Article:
BENNY by Sieb Posthuma
by Sieb Posthuma, illustrated by Sieb Posthuma
ANIMALS
Released: March 1, 2003

"No bone to pick here. (Picture book. 2-5)"
This cheery picture story, first published in the Netherlands, features a young dog reminiscent of Gene Zion's Harry. Read full book review >
IF YOU SEE A KITTEN by John Butler
ANIMALS
Released: March 1, 2003

"Perfect for preschoolers and younger, Butler's tale easily lends itself to group read aloud settings, with each successive reading sure to become more riotous as the children become familiar with their responses. (Picture book. 2-5)"
Butler (Hush, Little Ones, 2002, etc.) leads young readers on an alliterative tour of creatures. Read full book review >

A MUD PIE FOR MOTHER by Scott Beck
ANIMALS
Released: March 1, 2003

"Sometimes the best gift of all is right under one's nose—or snout. (Picture book. 2-4)"
Little Pig goes in search of the perfect gift for his mother's birthday only to find that sometimes the best gifts come when you are not even looking. Read full book review >
BUBBLE BATH PIRATES! by Jarrett J. Krosoczka
ADVENTURE
Released: March 1, 2003

"Bathing rituals are never hurt by a dose of invention, though this could well be a one-time exchange: a good idea that kids will want to throw their own twist upon. (Picture book. 2-4)"
Krosoczka, who's had such fun with Good Night, Monkey Boy! (2001) and Baghead (2002), conducts readers through a piratical bath time in what might be considered a bathing primer for the very young. Read full book review >
BLUE HORSE by Helen Stephens
FICTION
Released: March 1, 2003

"This warmly reassuring tale is ideal to share with hesitant little ones. (Picture book. 2-5)"
A tender-hearted tale about overcoming the pangs of social anxiety. Read full book review >

THE LOUDEST ROAR by Thomas Taylor
ANIMALS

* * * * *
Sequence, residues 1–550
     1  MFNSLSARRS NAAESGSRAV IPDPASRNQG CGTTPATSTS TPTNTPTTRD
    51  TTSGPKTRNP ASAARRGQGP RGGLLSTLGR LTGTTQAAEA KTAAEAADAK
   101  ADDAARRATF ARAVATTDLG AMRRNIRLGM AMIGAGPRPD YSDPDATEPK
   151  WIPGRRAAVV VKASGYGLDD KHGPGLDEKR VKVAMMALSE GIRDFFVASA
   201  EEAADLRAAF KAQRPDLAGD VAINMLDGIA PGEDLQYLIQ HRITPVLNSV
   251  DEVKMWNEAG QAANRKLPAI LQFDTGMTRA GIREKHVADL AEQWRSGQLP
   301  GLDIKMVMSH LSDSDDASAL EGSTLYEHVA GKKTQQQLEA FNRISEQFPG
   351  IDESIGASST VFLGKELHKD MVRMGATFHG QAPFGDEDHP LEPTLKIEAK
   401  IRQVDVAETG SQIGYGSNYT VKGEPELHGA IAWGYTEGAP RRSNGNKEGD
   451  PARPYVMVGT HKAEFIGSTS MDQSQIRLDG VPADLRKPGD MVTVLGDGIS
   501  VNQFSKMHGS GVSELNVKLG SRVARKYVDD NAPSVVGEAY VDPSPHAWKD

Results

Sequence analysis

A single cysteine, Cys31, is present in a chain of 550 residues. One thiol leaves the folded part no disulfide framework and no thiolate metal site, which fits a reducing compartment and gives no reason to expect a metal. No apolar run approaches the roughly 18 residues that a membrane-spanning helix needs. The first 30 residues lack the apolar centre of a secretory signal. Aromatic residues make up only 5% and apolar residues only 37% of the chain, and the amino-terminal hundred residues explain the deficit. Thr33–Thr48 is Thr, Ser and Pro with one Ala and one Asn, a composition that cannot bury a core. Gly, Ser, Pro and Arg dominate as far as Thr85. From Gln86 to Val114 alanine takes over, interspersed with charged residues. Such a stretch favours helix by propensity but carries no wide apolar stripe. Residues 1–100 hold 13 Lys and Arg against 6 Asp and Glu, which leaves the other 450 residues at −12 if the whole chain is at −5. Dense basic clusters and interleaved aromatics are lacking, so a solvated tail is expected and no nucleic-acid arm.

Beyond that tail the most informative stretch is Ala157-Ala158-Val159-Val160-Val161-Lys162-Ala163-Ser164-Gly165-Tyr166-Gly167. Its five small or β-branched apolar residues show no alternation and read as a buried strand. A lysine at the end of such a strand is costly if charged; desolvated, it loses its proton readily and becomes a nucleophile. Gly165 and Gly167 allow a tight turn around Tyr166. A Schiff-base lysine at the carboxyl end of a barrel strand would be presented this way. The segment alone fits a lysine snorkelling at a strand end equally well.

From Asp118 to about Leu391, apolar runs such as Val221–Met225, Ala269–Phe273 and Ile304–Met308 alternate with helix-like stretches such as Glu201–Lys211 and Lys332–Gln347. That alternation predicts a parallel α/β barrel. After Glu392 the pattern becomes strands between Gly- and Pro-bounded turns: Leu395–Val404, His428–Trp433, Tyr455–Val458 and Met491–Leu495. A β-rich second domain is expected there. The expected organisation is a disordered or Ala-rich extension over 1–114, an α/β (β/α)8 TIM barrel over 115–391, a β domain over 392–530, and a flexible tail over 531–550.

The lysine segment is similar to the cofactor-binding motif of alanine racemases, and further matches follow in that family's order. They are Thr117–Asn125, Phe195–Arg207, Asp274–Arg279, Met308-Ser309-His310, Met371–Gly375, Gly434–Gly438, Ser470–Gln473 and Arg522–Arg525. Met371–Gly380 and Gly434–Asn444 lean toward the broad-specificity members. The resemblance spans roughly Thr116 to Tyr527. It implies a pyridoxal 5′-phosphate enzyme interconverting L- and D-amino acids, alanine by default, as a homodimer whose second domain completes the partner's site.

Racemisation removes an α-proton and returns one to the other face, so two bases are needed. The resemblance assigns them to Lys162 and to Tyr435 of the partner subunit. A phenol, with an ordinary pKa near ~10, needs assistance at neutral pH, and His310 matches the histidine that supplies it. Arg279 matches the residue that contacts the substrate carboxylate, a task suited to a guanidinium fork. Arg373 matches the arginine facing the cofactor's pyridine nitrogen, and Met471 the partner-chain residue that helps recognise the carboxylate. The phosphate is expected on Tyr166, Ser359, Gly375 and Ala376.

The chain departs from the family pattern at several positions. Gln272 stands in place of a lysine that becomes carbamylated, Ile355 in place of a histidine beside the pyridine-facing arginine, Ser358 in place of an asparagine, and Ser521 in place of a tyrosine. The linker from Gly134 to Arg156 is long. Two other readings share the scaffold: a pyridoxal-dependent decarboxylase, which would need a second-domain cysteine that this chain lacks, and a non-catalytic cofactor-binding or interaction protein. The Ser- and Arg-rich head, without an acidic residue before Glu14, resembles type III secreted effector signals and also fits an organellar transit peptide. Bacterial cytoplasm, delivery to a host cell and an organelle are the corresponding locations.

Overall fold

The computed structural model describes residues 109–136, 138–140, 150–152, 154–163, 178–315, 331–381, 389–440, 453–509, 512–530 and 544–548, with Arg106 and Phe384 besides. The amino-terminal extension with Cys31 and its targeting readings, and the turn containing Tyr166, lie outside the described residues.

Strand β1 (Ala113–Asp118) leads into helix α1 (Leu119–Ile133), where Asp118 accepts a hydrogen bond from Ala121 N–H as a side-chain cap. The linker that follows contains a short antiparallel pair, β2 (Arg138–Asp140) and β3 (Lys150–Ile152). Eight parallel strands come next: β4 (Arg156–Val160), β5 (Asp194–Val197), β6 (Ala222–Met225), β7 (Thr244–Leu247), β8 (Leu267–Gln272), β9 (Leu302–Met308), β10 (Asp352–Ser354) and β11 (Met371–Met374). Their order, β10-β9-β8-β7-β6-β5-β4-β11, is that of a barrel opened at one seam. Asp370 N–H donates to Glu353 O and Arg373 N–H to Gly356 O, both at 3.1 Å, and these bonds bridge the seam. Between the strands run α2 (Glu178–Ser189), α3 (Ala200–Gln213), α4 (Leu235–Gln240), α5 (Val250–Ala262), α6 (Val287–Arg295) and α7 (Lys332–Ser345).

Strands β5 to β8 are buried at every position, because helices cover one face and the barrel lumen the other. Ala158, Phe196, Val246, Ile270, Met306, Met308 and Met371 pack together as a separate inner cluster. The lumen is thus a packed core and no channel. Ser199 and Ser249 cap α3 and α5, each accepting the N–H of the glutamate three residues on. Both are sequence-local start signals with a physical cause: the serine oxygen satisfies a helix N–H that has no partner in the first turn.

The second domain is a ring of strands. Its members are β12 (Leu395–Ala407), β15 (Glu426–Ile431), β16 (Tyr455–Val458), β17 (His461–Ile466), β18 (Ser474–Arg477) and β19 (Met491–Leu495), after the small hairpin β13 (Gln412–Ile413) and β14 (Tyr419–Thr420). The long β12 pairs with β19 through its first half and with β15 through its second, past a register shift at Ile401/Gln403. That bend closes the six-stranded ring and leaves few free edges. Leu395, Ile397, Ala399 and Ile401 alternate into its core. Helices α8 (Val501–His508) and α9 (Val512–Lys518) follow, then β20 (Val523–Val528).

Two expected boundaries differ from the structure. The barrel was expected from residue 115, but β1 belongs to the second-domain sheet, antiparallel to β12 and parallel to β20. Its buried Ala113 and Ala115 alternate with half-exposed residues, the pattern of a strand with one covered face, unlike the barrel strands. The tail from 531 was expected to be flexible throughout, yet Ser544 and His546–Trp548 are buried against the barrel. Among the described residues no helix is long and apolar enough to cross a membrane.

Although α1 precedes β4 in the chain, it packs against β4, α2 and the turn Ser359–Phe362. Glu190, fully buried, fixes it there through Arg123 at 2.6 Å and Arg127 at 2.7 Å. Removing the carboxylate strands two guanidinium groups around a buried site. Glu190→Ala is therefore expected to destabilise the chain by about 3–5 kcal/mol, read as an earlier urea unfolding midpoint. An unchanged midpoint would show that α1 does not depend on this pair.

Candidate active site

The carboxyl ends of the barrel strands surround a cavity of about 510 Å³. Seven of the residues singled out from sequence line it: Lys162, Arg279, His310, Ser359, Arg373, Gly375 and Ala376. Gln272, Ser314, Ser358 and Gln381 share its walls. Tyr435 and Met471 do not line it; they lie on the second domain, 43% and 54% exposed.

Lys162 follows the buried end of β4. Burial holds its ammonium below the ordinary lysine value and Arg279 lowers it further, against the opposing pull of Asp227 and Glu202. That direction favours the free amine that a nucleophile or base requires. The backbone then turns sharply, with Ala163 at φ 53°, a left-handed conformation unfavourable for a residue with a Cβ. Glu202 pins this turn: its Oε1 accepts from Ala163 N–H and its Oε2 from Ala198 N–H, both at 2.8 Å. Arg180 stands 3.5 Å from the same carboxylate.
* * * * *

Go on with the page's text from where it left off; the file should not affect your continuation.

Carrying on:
Released: March 1, 2003

"Unimpressive, just like Clovis. (Picture book. 2-5)"
Eager to prove that he is the loudest and fiercest animal in the jungle, Clovis, a very young, small tiger, approaches everyone he sees with a loud ROAR! Read full book review >
SCRUBBA DUB by Nancy van Laan
FAMILY AND GROWING UP
Released: March 1, 2003

"Pons's softly lit paintings use watercolors and chalk to appealing effect and her artwork saves this story, but Scrubba Dub as a whole doesn't offer up anything new or interesting to the saturated bath theme market. (Picture book. 2-4)"
Van Laan is known and respected for her abilities with story rhymes. Read full book review >
FIVE GREEN AND SPECKLED FROGS by Priscilla Burris
ANIMALS
Released: March 1, 2003

"This is worth a look if you're in need of cheery counting books, but it's not a must. (Picture book. 1-4)"
Every children's librarian and kindergarten teacher worth their salt knows ten versions of this finger rhyme. Read full book review >
BABIES by Ros Asquith
by Ros Asquith, illustrated by Sam Williams
FAMILY AND GROWING UP
Released: March 1, 2003

"A perfect choice for an anytime snuggle. (Picture book. 1-4)"
A catalogue list of all the different types of babies begins as their diapered forms start tumbling across the pages. Read full book review >
CALICO’S CURIOUS KITTENS by Phyllis Limbacher Tildes
ANIMALS
Released: Feb. 1, 2003

"Brimming with puckish fun, Tildes's tale is just right for rambunctious little ones. (Picture book. 2-5)"
A kindle of kittens keeps Tildes's lovable cat, Calico, busy in this newest edition to the series (Calico's Cousins, 1999, etc.). Read full book review >
MAYBE, MY BABY by Marilyn Janovitz
ANIMALS
Released: Feb. 1, 2003

"Soft and snuggly, but unfortunately, not unique. (Picture book. 2-4)"
Janovitz (Three Little Kittens, not reviewed, etc.) adds a wishful, animal bedtime lullaby to the already overstuffed shelf. Read full book review >
LET’S DO THAT AGAIN! by Hiawyn Oram
ANIMALS
Released: Feb. 1, 2003

After her mother playfully sneaks up on her, Little Brownmouse cries, "Let's do that again!" Mrs. Brownmouse patiently replies, "Hmm, not now, because right now it's time to go home." Read full book review >
Kirkus Interview
Nancy Isenberg
author of WHITE TRASH
July 19, 2016

Poor Americans have existed from the time of the earliest British colonial settlement. They were alternately known as “waste people,” “offals,” “rubbish,” “lazy lubbers,” and “crackers.” By the 1850s, the downtrodden included so-called “clay eaters” and “sandhillers,” known for prematurely aged children distinguished by their yellowish skin, ragged clothing, and listless minds. Surveying political rhetoric and policy, popular literature and scientific theories over 400 years, in White Trash: The 400-Year Untold History of Class in America, Nancy Isenberg upends assumptions about America’s supposedly class-free society––where liberty and hard work were meant to ensure real social mobility. Poor whites were central to the rise of the Republican Party in the early nineteenth century, and the Civil War itself was fought over class issues nearly as much as it was fought over slavery. “A riveting thesis supported by staggering research,” our reviewer writes in a starred review. View video >